An Easy Guide to Enhanced Ecommerce Analytics with Google Tag Manager

Ah, analytics.

Beacons of light in the dark. Signals among the noise!

From online stores to startups, we all need them.

And we all say we've got them covered:

"Of course we're tracking metrics & KPIs!"

But are we, really?

See, the bittersweet beauty of analytics is that you can always dive deeper.

But the further you go, the more complex it gets. To not lose your way, you'll need the right tools.

In this post, we're going to explore two such tools. More specifically, we'll see how to leverage Google Analytics' Enhanced Ecommerce via Google Tag Manager (GTM).

This wouldn't have been possible without the help from our friend Nicolas at Deux Huit Huit—the agency responsible for one of the cleanest Snipcart customizations ever. He was kind enough to send over code snippets and details on how his team uses Snipcart + GTM + Google Analytics (GA) Enhanced Ecommerce to provide better analytics for their clients.

This short Google Tag Manager guide aims at extending Snipcart's analytics capabilities. But the integration logic you'll see here can easily be applied to any other application.

And hopefully, the resources we'll share will also help.

What's Google Tag Manager again?

intro-google-tag-manager-guide

Launched in 2012, Google Tag Manager is a free product catering to digital marketers' analytics needs. It allows webmasters to centralize tag management—often JavaScript tracking snippets—within a single interface. Of course, GTM plays well with other Google products, such as Google Analytics Enhanced Ecommerce, which we'll discuss in this post. It also supports 3rd-party vendor tags and custom tags.

The first important thing GTM does is to consolidate all of your tracking tags. PPC/display/social campaigns, re-targeting efforts, on-site behavior & events... they all end up in one Google Tag Manager container. Selective triggers and performance optimization are built-in to make sure firing all these tags won't mess with your site's UX.

The second, crucial thing GTM does is to allow non-technical, marketing-oriented folks to add, remove or modify tracking tags in an easy-to-use interface. And that's key. It extracts tracking analytics from the website's code, making it possible for marketing people to handle their business without messing with developers'. It's a smart separation we can appreciate, being fans of decoupling stuff at Snipcart.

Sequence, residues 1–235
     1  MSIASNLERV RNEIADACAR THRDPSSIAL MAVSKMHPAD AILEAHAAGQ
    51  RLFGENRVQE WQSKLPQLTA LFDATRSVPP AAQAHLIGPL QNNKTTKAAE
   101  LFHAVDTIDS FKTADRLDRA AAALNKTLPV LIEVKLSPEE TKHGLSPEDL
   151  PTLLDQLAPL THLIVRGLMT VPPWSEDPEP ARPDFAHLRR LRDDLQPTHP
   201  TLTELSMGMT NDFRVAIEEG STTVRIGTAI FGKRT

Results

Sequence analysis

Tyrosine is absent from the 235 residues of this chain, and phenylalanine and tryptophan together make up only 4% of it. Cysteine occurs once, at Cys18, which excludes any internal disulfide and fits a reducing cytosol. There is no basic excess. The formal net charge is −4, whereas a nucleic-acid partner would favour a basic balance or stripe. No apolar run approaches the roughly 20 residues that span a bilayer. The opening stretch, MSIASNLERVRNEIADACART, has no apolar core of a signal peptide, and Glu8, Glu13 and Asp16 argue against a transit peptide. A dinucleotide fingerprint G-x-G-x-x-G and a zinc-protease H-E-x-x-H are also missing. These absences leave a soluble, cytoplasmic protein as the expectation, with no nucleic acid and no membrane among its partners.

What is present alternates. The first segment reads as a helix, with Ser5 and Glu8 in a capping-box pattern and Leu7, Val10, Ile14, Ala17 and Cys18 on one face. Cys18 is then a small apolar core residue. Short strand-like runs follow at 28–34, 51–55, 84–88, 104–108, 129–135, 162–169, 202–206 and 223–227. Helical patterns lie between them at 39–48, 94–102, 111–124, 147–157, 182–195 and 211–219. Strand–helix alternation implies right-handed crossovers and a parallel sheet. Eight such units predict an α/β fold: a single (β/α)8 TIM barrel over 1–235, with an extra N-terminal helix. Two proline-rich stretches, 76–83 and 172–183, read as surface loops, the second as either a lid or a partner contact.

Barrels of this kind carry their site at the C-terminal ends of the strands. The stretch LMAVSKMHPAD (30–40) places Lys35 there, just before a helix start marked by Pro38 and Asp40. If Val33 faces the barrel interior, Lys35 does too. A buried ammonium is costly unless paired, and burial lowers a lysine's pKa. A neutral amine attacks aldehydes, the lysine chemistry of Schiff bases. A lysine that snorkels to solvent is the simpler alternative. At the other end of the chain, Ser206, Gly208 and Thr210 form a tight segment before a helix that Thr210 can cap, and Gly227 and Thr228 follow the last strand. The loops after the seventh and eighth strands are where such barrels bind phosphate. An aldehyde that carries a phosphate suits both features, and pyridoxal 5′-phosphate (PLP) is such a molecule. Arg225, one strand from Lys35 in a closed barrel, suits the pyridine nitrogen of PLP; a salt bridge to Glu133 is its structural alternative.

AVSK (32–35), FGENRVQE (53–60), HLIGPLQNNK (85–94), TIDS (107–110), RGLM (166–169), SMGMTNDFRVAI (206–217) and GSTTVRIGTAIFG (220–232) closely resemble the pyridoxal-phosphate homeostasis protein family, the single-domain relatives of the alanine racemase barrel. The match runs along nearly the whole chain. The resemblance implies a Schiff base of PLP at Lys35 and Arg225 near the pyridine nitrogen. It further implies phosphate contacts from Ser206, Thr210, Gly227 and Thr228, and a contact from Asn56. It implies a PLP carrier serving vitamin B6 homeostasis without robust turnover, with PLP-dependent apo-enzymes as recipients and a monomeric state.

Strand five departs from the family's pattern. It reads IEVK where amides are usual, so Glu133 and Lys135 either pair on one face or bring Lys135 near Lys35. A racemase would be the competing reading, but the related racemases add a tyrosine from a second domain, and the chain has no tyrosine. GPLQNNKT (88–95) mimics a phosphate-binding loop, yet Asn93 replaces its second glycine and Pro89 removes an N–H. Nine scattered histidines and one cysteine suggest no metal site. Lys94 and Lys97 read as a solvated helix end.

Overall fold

Want to learn more about how Google Tag Manager works? Start here or here. And for all things GTM & digital analytics, we recommend Simo Ahava's blog. Kickass content.

And how does Google Analytics Enhanced Ecommerce fit in with GTM?

google-analytics-enhanced-ecommerce-example

The benefits we just listed are why an agency like Deux Huit Huit uses GTM as a messaging layer for all analytics-related systems. And since they chose Snipcart for many e-commerce projects, they decided to integrate it into GTM using our JavaScript API. In Nicolas' own words:

It's pretty easy to create a reusable mapping with Snipcart, using the JavaScript framework of your choice, or even with plain JS.

See, Snipcart, like many e-commerce solutions, offers an out-of-the-box integration with GA Ecommerce Tracking. But for developers & digital agencies, the metrics available through this simple module can be too high-level. That's where GA's Enhanced Ecommerce plugin comes into play.

Simply put, Google Analytics' Enhanced Ecommerce enables more granular tracking of the shopping experience. It allows merchants to fine-tune their e-commerce operation with more relevant, event-driven data.

So, in this case, it's what's used to pass data from GTM to Google Analytics.

Integrated with Snipcart, this could allow us to answer questions like:

  • When and where are items most added to cart during a visit?
  • Which pages generate the most completed cart checkouts?
  • What's the checkout step with the highest rate of cart drop off?
  • Which products are bought more often? Which are dropped more often?
  • Which of my domains is performing better?

You can then use these insights to experiment with discount scenarios, shipping fees, email promotions, site architecture, on-site messaging, etc.

Now, let's see how to set up this whole thing!

Google Tag Manager tutorial for Snipcart & Enhanced Ecommerce

google-tag-manager-tutorial-enhanced-ecommerce

1. Setting up appropriate events on your site